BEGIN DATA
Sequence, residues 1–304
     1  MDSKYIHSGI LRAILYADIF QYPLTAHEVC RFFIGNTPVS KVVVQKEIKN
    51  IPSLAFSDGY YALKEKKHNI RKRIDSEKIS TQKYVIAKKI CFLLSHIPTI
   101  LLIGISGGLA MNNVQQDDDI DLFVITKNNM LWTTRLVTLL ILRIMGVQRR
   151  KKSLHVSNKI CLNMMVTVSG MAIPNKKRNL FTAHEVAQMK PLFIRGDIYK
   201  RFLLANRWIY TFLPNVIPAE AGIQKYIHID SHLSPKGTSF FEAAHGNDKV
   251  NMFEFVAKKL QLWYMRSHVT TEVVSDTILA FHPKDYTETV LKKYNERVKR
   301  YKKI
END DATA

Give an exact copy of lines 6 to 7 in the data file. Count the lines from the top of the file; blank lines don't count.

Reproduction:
   201  RFLLANRWIY TFLPNVIPAE AGIQKYIHID SHLSPKGTSF FEAAHGNDKV
   251  NMFEFVAKKL QLWYMRSHVT TEVVSDTILA FHPKDYTETV LKKYNERVKR